The man who can truly motivate, discipline, and work himself to 100% of his productive capacity is rare. It's hard to estimate the number, because I don't know anyone that truly sustains that level of performance day-in and day-out.
What percent of people do that?
It's hard to say. If you were working as focused and as hard as you could, very consistently, you'd hit the upper reaches of your growth curve and stay on it. Yet, when you benchmark performance, you see that most people are not doing as well as they could be.
Crude metrics like sales calls, deals worked on, words written, features created, and so on, would show most people don't put in the focused effort they could.
Likewise, subjective ratings of effort on a daily basis would likely show the same thing. If you got down to the nitty-gritty of tracking time, the picture gets even bleaker. How many days do you actually put in a focused effort of 10+ hours without distraction or screwing around?
Excuses abound on why great performance doesn't happen, and some of them are even somewhat valid. But even when you've got a project of pure love and passion, how often do you get into a great flow and rip off a 10-hour highly focused work spree? Rarely, eh?
After working for yourself for an extended period of time unsupervised, it becomes easier to understand why the traditional corporate structure is set up the way it is with executives, middle managers, and employees. When you have a project or task that has no external accountability at all that will take at least a couple weeks to complete, the chances that you refrain from screwing around and just get quickly to work are... well, at times it can be pretty abysmal. And that's even among the people who venture out into the self-directed, self-managed, purely-self-accountable realm.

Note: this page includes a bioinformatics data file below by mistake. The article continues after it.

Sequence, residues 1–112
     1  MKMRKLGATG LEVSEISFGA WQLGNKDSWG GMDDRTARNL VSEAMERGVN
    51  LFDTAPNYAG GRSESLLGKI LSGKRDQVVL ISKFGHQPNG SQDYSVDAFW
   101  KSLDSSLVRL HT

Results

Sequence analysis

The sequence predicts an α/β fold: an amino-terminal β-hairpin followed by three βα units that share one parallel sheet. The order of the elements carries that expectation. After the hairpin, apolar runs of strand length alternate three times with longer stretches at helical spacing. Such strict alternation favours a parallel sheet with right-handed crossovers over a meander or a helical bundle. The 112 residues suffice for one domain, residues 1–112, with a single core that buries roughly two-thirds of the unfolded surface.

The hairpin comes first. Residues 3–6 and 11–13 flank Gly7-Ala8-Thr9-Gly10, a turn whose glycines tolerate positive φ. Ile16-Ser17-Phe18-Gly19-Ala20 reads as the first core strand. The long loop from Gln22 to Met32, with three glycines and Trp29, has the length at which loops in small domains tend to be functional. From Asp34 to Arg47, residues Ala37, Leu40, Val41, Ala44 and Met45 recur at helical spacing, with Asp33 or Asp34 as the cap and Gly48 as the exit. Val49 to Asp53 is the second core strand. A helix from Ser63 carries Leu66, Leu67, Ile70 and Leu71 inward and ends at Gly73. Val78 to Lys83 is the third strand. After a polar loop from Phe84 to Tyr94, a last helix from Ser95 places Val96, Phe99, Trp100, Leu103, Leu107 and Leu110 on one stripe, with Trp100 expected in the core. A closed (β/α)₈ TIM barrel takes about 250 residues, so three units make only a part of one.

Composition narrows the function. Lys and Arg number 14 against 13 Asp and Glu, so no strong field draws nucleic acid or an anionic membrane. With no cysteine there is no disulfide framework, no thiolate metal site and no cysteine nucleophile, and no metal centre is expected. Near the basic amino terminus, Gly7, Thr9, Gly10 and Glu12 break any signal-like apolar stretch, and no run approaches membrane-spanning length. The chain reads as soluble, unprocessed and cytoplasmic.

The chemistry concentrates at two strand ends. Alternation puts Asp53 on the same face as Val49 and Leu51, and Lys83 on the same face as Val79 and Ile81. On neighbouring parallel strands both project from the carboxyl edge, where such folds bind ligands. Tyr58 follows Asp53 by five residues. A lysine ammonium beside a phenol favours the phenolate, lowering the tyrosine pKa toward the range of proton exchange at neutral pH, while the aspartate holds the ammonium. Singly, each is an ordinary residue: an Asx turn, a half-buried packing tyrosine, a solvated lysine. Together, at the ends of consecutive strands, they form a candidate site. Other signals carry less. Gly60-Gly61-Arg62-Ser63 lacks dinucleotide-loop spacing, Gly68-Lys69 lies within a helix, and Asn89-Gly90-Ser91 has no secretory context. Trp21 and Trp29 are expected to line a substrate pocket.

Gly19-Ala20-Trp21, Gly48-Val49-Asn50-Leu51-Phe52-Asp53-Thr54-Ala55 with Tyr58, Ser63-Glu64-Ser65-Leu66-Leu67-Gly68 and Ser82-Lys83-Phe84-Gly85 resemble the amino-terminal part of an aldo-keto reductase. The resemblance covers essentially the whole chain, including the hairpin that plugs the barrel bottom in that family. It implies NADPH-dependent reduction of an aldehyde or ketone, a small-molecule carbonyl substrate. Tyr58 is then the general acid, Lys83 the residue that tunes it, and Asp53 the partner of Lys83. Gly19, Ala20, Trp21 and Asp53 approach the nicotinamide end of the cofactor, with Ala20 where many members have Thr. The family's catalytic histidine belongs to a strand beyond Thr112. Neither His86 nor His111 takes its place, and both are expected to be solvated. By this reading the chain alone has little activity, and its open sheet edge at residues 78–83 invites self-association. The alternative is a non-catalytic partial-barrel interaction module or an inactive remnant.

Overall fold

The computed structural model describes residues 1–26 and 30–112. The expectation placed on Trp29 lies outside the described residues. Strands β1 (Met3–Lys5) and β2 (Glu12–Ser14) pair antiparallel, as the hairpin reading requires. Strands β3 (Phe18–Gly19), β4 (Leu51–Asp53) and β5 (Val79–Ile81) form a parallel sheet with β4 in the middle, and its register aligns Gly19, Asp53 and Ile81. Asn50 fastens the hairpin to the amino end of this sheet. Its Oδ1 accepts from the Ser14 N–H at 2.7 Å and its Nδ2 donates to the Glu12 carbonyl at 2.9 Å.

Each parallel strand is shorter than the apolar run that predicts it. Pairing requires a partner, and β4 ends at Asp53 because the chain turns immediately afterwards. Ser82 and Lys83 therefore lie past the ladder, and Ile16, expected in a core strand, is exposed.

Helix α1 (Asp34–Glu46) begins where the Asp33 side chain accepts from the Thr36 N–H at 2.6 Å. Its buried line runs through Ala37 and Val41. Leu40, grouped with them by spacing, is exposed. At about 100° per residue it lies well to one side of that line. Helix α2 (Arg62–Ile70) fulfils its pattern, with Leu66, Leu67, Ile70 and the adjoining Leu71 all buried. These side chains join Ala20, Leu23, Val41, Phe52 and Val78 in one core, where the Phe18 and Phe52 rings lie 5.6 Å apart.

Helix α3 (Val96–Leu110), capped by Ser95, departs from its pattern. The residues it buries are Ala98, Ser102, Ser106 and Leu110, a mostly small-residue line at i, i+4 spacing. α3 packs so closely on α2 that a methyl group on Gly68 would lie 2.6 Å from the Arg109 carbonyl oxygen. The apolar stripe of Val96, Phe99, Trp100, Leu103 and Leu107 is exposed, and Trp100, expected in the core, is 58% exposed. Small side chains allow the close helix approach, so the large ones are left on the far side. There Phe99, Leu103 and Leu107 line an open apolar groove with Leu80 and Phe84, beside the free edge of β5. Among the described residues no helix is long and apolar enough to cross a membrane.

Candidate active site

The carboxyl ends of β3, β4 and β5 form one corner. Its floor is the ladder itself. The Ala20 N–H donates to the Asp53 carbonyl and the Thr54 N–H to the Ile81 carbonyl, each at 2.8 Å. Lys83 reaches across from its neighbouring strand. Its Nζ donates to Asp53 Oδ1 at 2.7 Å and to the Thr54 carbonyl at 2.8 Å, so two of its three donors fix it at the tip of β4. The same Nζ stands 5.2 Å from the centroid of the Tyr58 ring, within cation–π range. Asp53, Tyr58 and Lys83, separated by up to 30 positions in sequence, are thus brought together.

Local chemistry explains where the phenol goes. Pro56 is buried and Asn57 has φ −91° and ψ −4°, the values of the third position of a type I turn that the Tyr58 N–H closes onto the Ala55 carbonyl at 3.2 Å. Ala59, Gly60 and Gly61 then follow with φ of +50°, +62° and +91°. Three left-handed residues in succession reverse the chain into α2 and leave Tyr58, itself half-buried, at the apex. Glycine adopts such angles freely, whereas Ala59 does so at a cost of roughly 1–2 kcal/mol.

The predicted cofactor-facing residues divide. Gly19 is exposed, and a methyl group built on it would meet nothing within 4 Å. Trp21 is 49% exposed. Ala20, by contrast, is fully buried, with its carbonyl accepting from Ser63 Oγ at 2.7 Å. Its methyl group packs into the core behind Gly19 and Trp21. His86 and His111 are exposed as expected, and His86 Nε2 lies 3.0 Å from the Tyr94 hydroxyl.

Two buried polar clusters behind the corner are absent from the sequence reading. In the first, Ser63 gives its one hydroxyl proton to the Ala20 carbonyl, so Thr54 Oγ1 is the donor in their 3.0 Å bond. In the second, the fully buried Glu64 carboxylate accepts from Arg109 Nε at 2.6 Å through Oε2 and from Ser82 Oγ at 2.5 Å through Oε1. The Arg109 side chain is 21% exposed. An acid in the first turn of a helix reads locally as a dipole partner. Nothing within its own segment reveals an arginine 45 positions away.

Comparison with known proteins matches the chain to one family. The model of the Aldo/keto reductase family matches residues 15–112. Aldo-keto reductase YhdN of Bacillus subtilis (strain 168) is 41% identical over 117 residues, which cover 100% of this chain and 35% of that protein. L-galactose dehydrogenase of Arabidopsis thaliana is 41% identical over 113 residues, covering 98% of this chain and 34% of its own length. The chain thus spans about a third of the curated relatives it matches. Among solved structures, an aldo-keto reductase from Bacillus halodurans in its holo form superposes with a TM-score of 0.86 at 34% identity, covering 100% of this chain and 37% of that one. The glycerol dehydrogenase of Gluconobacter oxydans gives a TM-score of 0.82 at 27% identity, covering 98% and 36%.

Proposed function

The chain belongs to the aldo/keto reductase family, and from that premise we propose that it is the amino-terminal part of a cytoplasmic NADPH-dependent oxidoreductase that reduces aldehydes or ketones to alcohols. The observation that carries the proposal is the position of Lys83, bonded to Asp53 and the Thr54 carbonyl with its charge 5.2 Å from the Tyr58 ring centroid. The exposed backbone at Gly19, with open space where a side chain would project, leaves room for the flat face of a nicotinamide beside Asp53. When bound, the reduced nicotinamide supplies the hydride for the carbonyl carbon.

Thus, there's a tremendous value in external accountability. Someone who will check up on you.
Yet, even then, how often are you procrastinating the running down of your tasks, and wasting time grinding away before you get into it?
And the worst part of it might be that the procrastination time isn't even enjoyable, fun, or pleasant. It's just a natural human thing.
Literally, sitting next to someone who is just as invested in the same thing, and checking up on each other.
"What are you doing now? Are you working?"
It's insufferable, to some extent. But also incredibly liberating. "Can I screw around? No, I'm really truly held accountable. I should just working."
If you're working on something you broadly like, or with people you broadly like, and your work serves your goals... then most likely, you actually like it when you get down to work. The answer might be to grab some accountability for your company, freelancing, project, or creative endeavor. And if you try it, try real-time accountability. It's one of the most effective things I've found for putting in highly focused, high quality, highly positive and productive hours.